Baking pans are customarily made with groups of cavities, as illustrated, and are provided with peripheral braces, such as rolled edges, and with strengthening ribs and the like which may extend down to the same plane as the cavity bottom which is used to sense the cavitys position. Such strengthening ribs, braces, or the like would, in ordinary limit switch operators, such as simple rollers or brushes, cause a switch operation for each surface thus extending to the cavity bottom level, thereby effecting undesired and improper operation of the cavity spraying device.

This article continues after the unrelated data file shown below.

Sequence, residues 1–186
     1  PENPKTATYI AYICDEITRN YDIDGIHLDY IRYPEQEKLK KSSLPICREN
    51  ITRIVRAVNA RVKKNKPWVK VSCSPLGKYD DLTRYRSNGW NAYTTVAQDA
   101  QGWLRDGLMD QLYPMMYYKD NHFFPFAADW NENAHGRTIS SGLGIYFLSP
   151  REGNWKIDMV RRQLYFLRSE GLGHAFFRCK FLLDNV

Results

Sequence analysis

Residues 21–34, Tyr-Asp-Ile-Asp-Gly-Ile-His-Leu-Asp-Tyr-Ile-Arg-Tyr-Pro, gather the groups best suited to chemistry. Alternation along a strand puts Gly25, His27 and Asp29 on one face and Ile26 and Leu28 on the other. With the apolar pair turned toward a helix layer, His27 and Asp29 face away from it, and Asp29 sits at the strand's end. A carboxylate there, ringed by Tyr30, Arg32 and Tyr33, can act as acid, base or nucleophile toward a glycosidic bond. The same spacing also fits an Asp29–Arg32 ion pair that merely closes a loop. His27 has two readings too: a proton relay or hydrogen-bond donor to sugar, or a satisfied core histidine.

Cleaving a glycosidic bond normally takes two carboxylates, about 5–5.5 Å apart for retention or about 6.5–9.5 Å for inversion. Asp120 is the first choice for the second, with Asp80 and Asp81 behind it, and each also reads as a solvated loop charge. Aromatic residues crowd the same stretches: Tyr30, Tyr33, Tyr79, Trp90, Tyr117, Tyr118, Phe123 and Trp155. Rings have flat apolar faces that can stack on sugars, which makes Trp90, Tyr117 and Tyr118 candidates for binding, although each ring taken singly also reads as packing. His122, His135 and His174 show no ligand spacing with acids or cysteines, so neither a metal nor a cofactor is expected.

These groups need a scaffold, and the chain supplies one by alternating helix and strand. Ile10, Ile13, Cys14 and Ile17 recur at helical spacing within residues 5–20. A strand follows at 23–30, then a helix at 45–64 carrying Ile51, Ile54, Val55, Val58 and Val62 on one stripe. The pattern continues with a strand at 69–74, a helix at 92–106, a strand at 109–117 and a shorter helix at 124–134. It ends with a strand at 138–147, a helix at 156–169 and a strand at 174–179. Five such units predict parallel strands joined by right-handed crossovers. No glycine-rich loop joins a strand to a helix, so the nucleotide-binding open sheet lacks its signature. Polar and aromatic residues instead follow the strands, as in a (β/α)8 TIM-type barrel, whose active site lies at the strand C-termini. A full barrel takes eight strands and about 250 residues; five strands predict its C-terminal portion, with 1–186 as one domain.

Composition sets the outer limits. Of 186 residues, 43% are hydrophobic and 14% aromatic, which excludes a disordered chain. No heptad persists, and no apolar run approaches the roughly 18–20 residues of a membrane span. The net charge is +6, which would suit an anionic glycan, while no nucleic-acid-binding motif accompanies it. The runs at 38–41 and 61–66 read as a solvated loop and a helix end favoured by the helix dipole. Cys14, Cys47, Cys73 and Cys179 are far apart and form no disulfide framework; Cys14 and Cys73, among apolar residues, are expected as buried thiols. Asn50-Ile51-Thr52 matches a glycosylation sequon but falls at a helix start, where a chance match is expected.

According to the present invention, a switch actuator, specifically shown as a pivoted arm, is moved by a lobed rotor like a star wheel mounted thereon and free to rotate relative thereto. The lobed rotor or star wheel is constructed to rotate freely about the braces, strengthening ribs, rolled edges, etc., of the baking pans'which it receives in the depressions between its lobes so that no movement of the switch actuator is caused by passage of these parts therepast. However, when a flat surface of sufficient extent engages the rotor so that two lobes thereof are engaged by that fiat surface at the same time, as by the bottom surface beneath a pan cavity, the actuator of the switch will be moved downwardly to effect a switch operation. Ordinarily, the two engaged lobes slide over the smooth bottom surface defining the pan cavity, but if dents or other surface irregularities should cause the rotor or star wheel to rotate, this causes no problem since further downward movement or overtravel of the switch actuator is provided for.